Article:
Gardens reveal the relationship between culture and nature, yet in the vast library of garden literature few books focus on what the garden means - on the ecology of garden as idea, place, and action. The Meaning of Gardens maps out how the garden is perceived, designed, used, and valued. Essays from a variety of disciplines are organized around six metaphors special to our time - the garden muses of Faith, Power, Ordering, Cultural Expression, Personal Expression, and Healing. Each muse suggests specific inspirations for garden and landscape design.

De Re Aedificatoria, by Leon Battista Alberti (1404-1472), was the first modern treatise on the theory and practice of architecture. Its importance for the subsequent history of architecture is incalculable, yet this is the first English translation based on the original, exceptionally eloquent Latin text on which Alberti's reputation as a theorist is founded.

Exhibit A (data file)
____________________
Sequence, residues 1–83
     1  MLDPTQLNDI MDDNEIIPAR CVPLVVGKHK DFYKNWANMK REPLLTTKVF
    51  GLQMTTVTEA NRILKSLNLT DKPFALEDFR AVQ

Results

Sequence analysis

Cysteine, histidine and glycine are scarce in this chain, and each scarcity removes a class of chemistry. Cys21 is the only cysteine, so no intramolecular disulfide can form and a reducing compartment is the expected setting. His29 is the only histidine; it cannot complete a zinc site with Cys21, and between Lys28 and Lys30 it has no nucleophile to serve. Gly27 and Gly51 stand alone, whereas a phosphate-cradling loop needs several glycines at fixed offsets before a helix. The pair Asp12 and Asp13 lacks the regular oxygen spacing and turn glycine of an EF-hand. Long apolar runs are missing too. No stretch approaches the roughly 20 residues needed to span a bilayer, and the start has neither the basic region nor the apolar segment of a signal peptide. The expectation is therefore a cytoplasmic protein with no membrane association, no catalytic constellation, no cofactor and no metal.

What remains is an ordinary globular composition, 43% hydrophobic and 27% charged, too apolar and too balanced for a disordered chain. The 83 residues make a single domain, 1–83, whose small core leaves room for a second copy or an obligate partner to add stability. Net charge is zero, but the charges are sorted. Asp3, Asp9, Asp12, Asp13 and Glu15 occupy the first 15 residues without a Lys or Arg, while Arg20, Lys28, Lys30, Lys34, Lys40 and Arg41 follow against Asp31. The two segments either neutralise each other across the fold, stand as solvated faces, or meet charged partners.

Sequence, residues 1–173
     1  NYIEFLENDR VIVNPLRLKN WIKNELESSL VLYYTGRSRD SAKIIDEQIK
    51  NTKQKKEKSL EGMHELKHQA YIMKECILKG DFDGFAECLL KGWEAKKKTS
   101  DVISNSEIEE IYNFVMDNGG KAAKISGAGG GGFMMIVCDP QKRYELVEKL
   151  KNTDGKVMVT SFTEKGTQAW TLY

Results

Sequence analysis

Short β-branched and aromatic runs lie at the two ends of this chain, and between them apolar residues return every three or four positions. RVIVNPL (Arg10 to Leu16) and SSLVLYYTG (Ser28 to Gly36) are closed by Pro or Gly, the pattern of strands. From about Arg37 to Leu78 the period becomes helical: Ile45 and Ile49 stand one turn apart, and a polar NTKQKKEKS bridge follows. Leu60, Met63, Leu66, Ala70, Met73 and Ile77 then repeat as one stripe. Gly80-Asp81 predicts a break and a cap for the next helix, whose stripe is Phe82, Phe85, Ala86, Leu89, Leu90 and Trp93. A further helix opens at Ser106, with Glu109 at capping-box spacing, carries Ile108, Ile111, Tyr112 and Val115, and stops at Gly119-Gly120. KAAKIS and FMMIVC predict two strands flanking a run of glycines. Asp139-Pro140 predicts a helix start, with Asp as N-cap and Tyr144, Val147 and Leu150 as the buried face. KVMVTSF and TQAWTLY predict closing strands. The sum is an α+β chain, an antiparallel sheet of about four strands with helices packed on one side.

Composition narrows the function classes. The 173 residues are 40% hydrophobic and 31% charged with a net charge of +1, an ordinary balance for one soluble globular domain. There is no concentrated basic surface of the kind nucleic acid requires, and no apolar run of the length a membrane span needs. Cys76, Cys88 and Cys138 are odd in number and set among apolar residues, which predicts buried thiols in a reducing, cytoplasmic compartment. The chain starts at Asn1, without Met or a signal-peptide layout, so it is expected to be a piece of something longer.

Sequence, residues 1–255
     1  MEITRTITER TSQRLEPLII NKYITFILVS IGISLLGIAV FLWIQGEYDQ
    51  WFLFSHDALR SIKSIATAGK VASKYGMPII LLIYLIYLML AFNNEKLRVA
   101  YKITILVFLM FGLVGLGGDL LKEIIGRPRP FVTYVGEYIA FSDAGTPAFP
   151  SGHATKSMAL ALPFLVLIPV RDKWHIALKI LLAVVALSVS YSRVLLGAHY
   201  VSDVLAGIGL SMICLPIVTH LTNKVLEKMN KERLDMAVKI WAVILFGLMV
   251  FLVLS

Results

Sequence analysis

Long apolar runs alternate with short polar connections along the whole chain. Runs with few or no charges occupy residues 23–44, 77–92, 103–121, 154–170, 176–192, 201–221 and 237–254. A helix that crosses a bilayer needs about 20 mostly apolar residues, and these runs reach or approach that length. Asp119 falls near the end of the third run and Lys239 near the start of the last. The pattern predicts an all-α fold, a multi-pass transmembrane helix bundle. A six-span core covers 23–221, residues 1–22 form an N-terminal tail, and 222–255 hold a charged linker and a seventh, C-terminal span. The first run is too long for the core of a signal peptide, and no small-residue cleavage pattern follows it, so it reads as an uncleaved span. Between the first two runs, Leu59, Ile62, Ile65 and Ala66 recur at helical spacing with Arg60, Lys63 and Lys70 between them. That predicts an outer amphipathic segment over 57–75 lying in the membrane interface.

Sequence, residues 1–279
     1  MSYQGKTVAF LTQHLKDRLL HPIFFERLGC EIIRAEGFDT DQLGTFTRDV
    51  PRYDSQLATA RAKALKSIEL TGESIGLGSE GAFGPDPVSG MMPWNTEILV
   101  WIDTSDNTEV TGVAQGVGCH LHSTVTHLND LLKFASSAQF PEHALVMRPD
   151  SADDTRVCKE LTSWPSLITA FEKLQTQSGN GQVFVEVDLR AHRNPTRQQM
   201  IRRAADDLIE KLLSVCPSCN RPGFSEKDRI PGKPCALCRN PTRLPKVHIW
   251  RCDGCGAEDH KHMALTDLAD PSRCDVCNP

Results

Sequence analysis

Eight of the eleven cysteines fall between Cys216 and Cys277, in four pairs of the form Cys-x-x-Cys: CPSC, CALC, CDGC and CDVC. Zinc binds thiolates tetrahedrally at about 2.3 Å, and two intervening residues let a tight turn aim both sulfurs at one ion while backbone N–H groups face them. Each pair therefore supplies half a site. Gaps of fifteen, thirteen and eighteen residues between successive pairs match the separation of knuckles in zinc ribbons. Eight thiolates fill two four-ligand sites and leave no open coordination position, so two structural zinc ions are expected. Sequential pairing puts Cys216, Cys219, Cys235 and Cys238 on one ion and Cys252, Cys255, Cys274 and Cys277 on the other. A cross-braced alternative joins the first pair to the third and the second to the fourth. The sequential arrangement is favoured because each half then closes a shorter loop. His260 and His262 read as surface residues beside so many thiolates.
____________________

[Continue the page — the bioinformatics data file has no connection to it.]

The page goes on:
How America Rebuilds Cities

Our cities are on the move again. Pioneering observers of the urban landscape Bernard Frieden and Lynn Sagalyn delve into the inner workings of the new public entrepreneurship and public private partnerships that have revitalized the downtowns of such cities as Boston, San Diego, Seattle, St. Paul, and Pasadena. They bring a unique combination of political and economic expertise to their analysis of this hot new marketplace, depicting a generation of mayors and administrators who differ in style from their predecessors and who have a more informed relationship with developers.